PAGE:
What’s not to love about fall? In my heyday I truly wished summer was endless. Now that I’ve borne four children into the world and my bikini bod is a thing of the past, spending the day cavorting around in a bathing suit isn’t quite what it used to be. And since I am responsible for the electric bill, September and October are near and dear to my heart ( or is it my wallet?). It’s a real shame this fall has been so hot and we weren’t able to turn the air conditioning off until just a few days ago.
Now that there’s a chill in the air, I can bundle up in my most comfortable jeans and sweatshirts. Ahhh, I feel more relaxed just thinking about it. Summertime is all about fresh vegetables from the garden and grilling on the deck, but those kinds of meals take a lot of preparation and there’s usually a significant amount of cleaning up afterwards. Crockpot recipes are just the ticket when it’s cold outside, and are about the easiest meals to fix and there are no pots and pans to wash when dinner is over.
I hope you were able to enjoy some time outdoors with your family this past weekend. My family spent Sunday afternoon at a local farm, checking out the livestock, going on a hayride, and picking out pumpkins. Trips to the pumpkin patch are some of the fondest memories I have of time spent with my children.
Our youngest’s vocabulary is just beginning to expand dramatically, and this past weekend she learned how to say goat and cow and petted a bunny for the first time. She pretended to drive a tractor and played in the corn maze and climbed over bales of straw.
When it was time to head home, we bought a peck of Honeycrisp and Granny Smith apples that my kids and I turned into a tasty pie for dessert. And the fresh air was certainly good for our appetites. Every of last speck of dinner was consumed in record time and the pie didn’t last long either. Yes, fall is such a wonderful time of year.
The leaves are changing color now. With each gust of wind, colorful leaves swirl though the air in their final dance of autumn. And the pinnacle of fall, Halloween, is just around the corner.
Now is also a great time to buy or build a bat box and put it up. Don’t worry, the only vampires that will be visiting your house will be of the three- and fourfoot variety wearing costumes and saying, “Trick or Treat.” Of the more than 1,000 species of bats in the world, only three of them are vampire bats, and, rest assured, none of them are found here in Southern Maryland.
But there are quite a few species of bats that call Maryland home and they could use all the help they can get from us humans. Of the less than a dozen species that live or migrate through our state, several are listed on state or federal lists as threatened or endangered, and three species are under review.
Habitat loss, wind turbines along migratory routes and disturbances to maternal colonies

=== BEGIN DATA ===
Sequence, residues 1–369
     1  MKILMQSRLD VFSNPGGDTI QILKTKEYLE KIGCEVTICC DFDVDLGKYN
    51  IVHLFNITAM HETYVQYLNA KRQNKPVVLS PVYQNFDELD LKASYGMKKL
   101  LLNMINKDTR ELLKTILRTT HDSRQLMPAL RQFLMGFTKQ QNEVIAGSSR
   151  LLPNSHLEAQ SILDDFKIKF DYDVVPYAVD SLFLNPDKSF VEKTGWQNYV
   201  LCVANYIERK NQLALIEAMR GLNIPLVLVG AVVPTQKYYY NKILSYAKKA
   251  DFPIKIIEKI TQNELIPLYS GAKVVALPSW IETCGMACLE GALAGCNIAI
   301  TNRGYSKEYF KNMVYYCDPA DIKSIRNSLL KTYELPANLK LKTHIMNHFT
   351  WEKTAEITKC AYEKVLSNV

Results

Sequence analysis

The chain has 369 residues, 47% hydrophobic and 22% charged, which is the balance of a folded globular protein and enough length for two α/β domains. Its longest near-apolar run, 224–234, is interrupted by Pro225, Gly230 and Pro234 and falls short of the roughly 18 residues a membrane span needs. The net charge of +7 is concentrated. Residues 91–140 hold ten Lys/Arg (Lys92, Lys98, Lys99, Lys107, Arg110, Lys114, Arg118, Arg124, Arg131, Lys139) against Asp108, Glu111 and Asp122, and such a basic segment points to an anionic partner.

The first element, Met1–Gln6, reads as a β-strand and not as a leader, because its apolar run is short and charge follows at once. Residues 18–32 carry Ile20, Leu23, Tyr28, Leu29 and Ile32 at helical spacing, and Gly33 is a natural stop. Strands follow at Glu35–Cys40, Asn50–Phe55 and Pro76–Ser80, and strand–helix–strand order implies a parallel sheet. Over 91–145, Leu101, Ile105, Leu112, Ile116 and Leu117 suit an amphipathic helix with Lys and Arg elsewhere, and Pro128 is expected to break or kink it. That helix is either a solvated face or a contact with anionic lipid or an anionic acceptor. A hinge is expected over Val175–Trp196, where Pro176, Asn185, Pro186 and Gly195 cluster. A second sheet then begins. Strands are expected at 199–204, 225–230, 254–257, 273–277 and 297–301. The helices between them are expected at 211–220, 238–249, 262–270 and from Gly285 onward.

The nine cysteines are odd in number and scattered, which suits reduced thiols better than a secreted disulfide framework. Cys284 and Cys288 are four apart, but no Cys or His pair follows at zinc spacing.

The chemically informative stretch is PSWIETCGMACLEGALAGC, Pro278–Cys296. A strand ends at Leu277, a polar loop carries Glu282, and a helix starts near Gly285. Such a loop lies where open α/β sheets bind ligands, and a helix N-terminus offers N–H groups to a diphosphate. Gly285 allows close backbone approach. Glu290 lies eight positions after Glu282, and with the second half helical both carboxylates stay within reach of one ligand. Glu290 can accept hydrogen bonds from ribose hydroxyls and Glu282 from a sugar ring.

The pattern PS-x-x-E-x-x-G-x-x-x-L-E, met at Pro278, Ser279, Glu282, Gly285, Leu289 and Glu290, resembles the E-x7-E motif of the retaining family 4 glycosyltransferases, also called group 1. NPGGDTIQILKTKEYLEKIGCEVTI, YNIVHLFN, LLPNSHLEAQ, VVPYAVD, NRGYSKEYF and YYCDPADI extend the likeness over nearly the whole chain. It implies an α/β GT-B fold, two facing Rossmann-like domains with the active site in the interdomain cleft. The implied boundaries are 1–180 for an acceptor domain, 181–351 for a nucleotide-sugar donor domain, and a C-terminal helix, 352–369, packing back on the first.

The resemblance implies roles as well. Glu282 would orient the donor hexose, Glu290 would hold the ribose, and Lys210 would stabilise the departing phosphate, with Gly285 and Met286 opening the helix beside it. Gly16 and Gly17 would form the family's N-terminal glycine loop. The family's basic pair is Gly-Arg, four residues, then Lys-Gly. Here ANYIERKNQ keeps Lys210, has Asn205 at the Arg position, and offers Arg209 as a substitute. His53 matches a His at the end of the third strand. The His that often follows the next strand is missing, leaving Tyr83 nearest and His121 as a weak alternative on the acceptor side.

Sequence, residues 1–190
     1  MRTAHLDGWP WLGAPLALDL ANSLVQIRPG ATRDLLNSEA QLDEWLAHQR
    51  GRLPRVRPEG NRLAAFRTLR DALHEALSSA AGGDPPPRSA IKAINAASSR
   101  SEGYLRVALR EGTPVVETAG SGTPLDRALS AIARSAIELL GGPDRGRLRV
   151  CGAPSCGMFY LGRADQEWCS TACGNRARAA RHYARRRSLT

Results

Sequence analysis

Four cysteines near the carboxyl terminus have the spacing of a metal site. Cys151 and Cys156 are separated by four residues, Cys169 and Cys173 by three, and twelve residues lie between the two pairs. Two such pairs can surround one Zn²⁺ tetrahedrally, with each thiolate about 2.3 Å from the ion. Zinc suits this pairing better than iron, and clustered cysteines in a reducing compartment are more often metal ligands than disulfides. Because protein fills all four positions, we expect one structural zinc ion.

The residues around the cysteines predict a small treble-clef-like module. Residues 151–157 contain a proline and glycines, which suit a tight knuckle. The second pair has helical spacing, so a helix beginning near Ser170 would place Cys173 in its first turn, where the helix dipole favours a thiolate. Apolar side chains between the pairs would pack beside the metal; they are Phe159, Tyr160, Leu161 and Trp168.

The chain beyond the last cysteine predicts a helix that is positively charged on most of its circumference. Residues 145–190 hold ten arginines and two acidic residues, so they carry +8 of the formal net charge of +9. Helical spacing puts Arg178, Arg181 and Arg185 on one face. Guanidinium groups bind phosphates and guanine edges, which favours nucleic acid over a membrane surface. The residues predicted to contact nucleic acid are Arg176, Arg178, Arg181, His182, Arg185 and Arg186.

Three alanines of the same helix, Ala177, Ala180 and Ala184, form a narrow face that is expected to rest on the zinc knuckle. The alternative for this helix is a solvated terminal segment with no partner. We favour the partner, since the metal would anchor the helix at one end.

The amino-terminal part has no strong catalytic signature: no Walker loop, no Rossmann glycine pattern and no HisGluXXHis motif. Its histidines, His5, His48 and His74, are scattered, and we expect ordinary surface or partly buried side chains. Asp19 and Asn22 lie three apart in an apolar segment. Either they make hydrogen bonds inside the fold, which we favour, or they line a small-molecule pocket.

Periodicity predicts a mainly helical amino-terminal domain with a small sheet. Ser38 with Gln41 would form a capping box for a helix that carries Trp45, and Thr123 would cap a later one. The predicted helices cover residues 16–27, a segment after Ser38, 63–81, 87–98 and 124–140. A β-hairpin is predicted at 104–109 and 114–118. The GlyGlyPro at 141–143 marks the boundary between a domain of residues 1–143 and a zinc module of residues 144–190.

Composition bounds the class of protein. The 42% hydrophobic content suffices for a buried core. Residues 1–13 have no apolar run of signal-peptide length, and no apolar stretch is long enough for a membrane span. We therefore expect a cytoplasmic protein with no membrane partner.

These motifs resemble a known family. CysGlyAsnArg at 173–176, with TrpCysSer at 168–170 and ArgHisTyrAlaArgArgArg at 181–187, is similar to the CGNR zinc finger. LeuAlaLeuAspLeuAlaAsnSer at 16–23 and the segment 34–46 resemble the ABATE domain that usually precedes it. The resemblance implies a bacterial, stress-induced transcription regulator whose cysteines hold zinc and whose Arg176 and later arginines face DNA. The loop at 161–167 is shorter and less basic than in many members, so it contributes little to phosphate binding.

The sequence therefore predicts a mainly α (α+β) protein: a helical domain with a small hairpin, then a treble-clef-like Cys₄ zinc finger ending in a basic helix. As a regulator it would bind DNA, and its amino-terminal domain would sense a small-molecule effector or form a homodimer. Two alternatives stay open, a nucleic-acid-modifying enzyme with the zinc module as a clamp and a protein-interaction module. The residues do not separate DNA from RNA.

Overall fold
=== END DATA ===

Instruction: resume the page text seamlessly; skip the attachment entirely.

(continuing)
are all major threats to bats. In some parts of the world still today, bats are hunted for bushmeat. And you’ve probably heard of the disease that’s wiping out bats in huge numbers, White Nose Syndrome, which was first detected in Maryland in 2010.
Recent surveys show that bat populations in Maryland are dramatically declining, Little Brown Bats 96 percent, Tri-colored Bats 95 percent and
Northern Long-eared Bats 88 percent.
This is a terrible thing because bats have very important niches to fill in our ecosystem. Many eat massive amounts of insects, including bugs that damage agriculture. Some bats help pollinate plants and fruit-eating bats in the tropics eat and then disperse seeds that will grow and restore areas of rainforests that have been cleared or damaged. We need bats.
All the species of bats in Maryland are insectivores. And that’s good news for us outdoorspeople. Bats can consume up to half their body weight in insects every night. And pregnant or nursing bats will eat double that in a night. Bats eat gypsy moths, stink bugs, gnats, wasps and even mosquitoes.
A bat box can provide a roosting place for mother bats during their reproductive season, March through September. In Maryland, the Little Brown Bat, Big Brown Bat, Northern Long-eared Bat and Evening Bat are all likely candidates to use a bat box.
If you have the room,
setting up two or three boxes is ideal. That way a mother bat can move its pup if the nursery isn’t the right temperature. And some bats will overwinter in boxes, especially in the more easterly parts of Maryland that do not have caves or mines.
Anytime of the year is a good time to put up bat boxes, but it may take a while for bats to find your box. Bats are a lot like purple martins and will not seek out new roosts unless forced to move or the colony gets too big.
There is no surefire way to attract bats, but if you occasionally see
bats swooping around at dusk, there is a good chance your box will get occupied. Keep in mind that bat boxes installed on buildings or poles have greater occupancy than those mounted on trees and are safer for the bats.
In Maryland, boxes should be oriented southeast or southwest and should get at least six to seven hours of direct sunlight daily. Painting the exterior black can help trap heat. Locate the box 20 to 30 feet from tree branches and other obstacles and 12 to 20 feet above ground. And bats prefer to live within a quarter-mile of a water source such as a stream or pond.
You can purchase a ready-to-install bat box or get the whole family involved and build your own in an afternoon. There are countless free design plans available online and many books with birdhouse plans also include bat box instructions.
And, we are getting to that time of year already. A bat box would make a nice Christmas gift and is a great way to help educate people about the benefits of bats living in their backyard.